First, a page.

The Age of Innocence

l.i.c., new york
Down in Maryland, where I was last Sunday, there were still tomatoes on the vine. Here in New York, the tomatoes are long gone, and with them the golden days that colored them red and warm like the sun. There are a few, here and there, enough to slice over a sandwich, but the last real final harvest happened several weeks ago.
It was a quiet September night, before the clock turned, before our neighbors Hameeda and Fahmeda went back to school and before they moved to the apartment upstairs, where we can no longer count on seeing them waiting for us on the sidewalk when we arrive at home.
Earlier that week, András and I were taking the kayak down the block to Two Coves beach for the last spin of the summer. The 8-foot bright-orange boat must have drawn some attention, because just as we passed their house, Hameeda and both of her brothers flew to the front door. Hearing the commotion, their father came out, followed by Fahmeda who seemed to glide toward us, her pretty head covered with a veil.
The girls ran to me, and I gathered them in my arms.
“What’s this?” I asked, touching the cloth framing Fahmeda's face. “Does this mean you’ve had a birthday?”
Fahmeda is Bengali, and Muslim, and what little I do know about the Muslim faith told me this new cloth marked a coming of age.
“It’s Wednesday,” Fahmeada said.
We three walked together toward the water, Hameeda’s little hand in mine, trailing András, the kyack, the boys and their father down to the water.
The kids and I lapped in the current and waded to our kneecaps while András practiced eskimo rolls. I held Hameeda out of the water when it came too high, and we all soaked in what was sure to be the last sunset of summer.
“So how old will you be?” I asked Fahmeda, picking the conversation back up.
“Eleven.” She said.
“Eleven, that’s a great age!” I said. “Will you have a party?”
“We’ll have a dinner. Upstairs, in the new house.” She said.
Secretly, I hoped to be invited to that birthday dinner. I imagined myself sitting at the table with the children and András, our arms swinging up in down in a prayer before we devoured a table lined with dishes, flavors and spices from Bangledesh. I wondered, if in Bengali custom, it would be impolite to invite myself to dinner.
That night when we came back home, I asked their mother if she thought Fahmeda would like a cake.
“No, no, you don’t need to make something,” her mother said.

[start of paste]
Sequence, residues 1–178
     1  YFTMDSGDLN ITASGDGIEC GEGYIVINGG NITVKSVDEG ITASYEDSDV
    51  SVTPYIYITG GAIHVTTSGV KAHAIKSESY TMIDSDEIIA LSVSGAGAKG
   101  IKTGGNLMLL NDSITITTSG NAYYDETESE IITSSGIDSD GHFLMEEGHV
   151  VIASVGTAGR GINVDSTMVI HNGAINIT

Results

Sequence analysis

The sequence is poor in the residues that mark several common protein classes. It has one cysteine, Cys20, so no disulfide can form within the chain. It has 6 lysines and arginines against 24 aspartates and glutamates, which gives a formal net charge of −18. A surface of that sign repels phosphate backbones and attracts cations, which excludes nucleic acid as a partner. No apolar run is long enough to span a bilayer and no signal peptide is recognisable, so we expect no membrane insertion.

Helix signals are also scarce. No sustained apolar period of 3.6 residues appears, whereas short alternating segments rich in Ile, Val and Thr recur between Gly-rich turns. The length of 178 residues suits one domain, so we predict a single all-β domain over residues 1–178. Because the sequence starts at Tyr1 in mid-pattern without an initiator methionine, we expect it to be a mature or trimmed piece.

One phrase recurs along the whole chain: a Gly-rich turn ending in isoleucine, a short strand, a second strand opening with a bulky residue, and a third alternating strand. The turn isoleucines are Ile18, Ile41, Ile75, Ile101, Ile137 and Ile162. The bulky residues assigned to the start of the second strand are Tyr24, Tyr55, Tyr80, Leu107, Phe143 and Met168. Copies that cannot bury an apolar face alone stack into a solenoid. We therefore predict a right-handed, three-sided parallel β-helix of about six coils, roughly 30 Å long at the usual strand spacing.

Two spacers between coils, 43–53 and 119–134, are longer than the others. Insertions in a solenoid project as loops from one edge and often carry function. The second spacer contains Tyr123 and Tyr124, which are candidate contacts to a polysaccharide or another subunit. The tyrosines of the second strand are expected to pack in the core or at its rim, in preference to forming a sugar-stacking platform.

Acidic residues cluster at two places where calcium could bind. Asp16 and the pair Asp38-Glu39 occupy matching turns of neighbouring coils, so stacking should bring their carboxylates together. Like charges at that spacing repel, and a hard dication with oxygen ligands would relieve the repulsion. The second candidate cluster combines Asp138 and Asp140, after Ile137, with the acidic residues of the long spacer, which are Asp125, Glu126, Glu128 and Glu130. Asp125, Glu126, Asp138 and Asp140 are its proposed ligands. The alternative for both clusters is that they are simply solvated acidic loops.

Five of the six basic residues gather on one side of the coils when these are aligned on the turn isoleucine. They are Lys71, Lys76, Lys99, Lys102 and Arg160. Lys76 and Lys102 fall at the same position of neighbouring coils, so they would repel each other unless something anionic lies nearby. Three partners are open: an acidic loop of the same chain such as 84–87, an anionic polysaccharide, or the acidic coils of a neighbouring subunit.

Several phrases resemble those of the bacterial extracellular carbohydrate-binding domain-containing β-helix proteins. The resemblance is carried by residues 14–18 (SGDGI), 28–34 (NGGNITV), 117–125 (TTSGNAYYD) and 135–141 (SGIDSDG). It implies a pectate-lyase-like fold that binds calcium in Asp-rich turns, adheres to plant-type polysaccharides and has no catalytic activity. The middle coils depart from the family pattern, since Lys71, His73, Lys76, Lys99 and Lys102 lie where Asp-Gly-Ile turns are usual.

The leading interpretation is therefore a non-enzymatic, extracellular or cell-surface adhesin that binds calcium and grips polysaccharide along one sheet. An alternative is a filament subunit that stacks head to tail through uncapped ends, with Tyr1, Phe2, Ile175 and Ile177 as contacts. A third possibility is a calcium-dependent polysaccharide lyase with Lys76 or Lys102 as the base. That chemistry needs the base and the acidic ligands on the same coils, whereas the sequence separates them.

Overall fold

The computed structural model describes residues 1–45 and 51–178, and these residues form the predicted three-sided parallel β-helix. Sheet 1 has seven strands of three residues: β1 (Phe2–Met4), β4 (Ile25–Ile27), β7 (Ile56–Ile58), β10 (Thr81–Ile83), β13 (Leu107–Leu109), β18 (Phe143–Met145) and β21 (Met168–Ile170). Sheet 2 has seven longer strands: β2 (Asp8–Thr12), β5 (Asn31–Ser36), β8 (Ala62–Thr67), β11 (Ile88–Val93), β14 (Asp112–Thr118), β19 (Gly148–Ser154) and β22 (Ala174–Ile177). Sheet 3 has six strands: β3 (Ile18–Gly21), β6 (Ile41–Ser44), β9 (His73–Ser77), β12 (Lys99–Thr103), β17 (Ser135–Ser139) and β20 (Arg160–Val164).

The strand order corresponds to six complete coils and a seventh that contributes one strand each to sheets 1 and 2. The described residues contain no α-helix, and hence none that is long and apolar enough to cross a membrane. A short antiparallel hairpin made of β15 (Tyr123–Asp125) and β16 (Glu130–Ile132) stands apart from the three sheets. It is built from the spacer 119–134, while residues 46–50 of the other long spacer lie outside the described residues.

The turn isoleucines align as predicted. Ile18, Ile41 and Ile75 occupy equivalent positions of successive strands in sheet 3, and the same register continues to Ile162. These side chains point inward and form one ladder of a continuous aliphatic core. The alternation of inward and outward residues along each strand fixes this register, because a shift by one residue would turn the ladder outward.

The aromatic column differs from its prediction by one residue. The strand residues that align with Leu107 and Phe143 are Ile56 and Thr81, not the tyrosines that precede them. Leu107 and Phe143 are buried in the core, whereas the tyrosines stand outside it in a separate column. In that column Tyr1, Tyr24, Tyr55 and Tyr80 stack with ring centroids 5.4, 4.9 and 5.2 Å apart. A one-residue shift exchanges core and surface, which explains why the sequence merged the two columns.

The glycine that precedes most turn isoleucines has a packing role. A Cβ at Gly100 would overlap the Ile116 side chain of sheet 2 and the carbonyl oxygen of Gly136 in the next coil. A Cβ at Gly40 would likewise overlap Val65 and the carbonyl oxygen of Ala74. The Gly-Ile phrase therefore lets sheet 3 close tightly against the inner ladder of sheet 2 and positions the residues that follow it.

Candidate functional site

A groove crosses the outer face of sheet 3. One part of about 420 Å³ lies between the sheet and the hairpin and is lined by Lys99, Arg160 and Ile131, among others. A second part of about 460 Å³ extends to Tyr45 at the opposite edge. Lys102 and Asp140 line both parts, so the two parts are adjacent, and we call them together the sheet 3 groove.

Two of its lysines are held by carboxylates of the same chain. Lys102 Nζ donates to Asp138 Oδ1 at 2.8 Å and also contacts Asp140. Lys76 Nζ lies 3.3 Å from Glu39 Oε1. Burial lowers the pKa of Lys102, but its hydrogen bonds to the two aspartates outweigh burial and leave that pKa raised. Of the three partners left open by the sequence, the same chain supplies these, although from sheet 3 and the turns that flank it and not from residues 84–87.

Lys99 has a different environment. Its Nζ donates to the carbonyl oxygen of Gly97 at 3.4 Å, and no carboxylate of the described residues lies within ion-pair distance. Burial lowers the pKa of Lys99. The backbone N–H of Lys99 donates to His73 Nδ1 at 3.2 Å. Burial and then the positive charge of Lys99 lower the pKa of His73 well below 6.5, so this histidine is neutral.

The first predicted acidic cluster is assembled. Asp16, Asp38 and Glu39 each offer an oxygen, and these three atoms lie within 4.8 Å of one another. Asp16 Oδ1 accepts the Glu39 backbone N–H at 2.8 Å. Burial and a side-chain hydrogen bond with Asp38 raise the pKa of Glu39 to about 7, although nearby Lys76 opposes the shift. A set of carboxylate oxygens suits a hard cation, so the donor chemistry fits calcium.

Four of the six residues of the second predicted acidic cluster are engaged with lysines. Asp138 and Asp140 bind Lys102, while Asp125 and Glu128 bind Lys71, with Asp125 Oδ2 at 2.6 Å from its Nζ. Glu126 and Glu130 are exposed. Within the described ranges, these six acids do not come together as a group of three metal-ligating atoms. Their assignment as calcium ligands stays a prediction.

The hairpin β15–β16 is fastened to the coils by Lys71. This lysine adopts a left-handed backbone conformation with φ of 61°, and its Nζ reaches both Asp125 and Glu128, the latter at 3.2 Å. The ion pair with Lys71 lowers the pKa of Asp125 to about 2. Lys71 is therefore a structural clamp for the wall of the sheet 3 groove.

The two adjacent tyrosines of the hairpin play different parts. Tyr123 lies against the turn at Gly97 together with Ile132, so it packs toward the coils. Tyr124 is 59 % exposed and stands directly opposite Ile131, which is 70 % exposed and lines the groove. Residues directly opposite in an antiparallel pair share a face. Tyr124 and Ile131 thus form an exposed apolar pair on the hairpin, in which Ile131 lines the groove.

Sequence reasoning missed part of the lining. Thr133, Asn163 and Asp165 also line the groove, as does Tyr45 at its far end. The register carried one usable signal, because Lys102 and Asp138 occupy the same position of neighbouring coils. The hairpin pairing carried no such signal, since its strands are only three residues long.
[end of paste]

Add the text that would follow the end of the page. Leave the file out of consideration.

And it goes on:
“We should cook together,” I said, changing the subject. Fahmeda’s mother is my age, and I fancied us becoming friends, rolling Parothha bread and seasoning vegetable stews with cumin, fennel, fenugreek, and black mustard. “I would like to learn from you. We can go to the garden. We can harvest and bring back vegetables and cook together.”
She laughed, warmly, but as if to change the subject. She has five mouths to feed and likely no time to give lessons.
That Wednesday night, I came home from work to find Fahmeda sticking her head out of the second floor window.
“Happy Birthday!” I called up. “Come down, I have something for you!”
“You remembered!” She tucked her head back in, ran down the stairs to greet me. Hameeda followed.

“Come, let’s go to the garden,” I said, handing her a bushy lemon verbena plant. “I brought you this to plant in honor of your birthday.”
“What is it?” She asked.
“Lemon Verbena. Smell.”
She enhaled. Hameeda imitated her.
“It’s a very lovely herb, for a very lovely girl.”
In the garden, we talked about every vegetable, and snacked on green beans and lettuces. Fahmeda and I dug a deep hole, planted the lemon verbena and patted the soil around it. Then she watered, patiently, suddenly looking more like a woman than a girl, the bright colors of the fabrics surrounding her popping off the graying sky. The sun went down far too fast that night.
Hameeda danced around the garden, touching every plant. She picked all the tomatoes and lined them up in neat rows along the path, then tromped all over them as she watered, making the best of her four-year-old motor skills and splaying water on anything in her path. Fahmeada and I smiled at each other, grown-up girls, enjoying Hameeda’s playful spirit among us.
After dark, I walked the girls to meet their family at the Mosque, despite Fahmeda’s insistence that they’d be okay on their own. I wasn’t ready for her to be that grown up, so she humored me as I guided them the two blocks, then headed home with the crushed tomatoes to make mashed buschetta with aged gouda for András. We drank rose, and toasted to our favorite neighbors, wondering how even when our little shoe box studio gets a little tight, we could ever move away from them.


claire said...

Keeping the idea of community alive. Love it.

Have you tried Bengali fish curry? With mustard seeds? It's one of my favourites! It almost tastes like wasabi with fish. YUM.

sarah said...

Claire, I've never had Bengali fish curry. Tell me more! I adore mustards seeds, and just found my mustard in the garden had gone to seed. I'm going to try to see what I can make with them!

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New York City, United States
Sarah Copeland is a food and lifestyle expert, and the author of Feast: Generous Vegetarian Meals for Any Eater and Every Appetite, and The Newlywed Cookbook. She is the Food Director at Real Simple magazine, and has appeared in numerous national publications including Saveur, Health, Fitness, Shape, Martha Stewart Living and Food & Wine magazines. As a passionate gardener, Sarah's Edible Living philosophy aims to inspire good living through growing, cooking and enjoying delicious, irresistible whole foods. She thrives on homegrown veggies, stinky cheese and chocolate cake. Sarah lives in New York with her husband and their young daughter.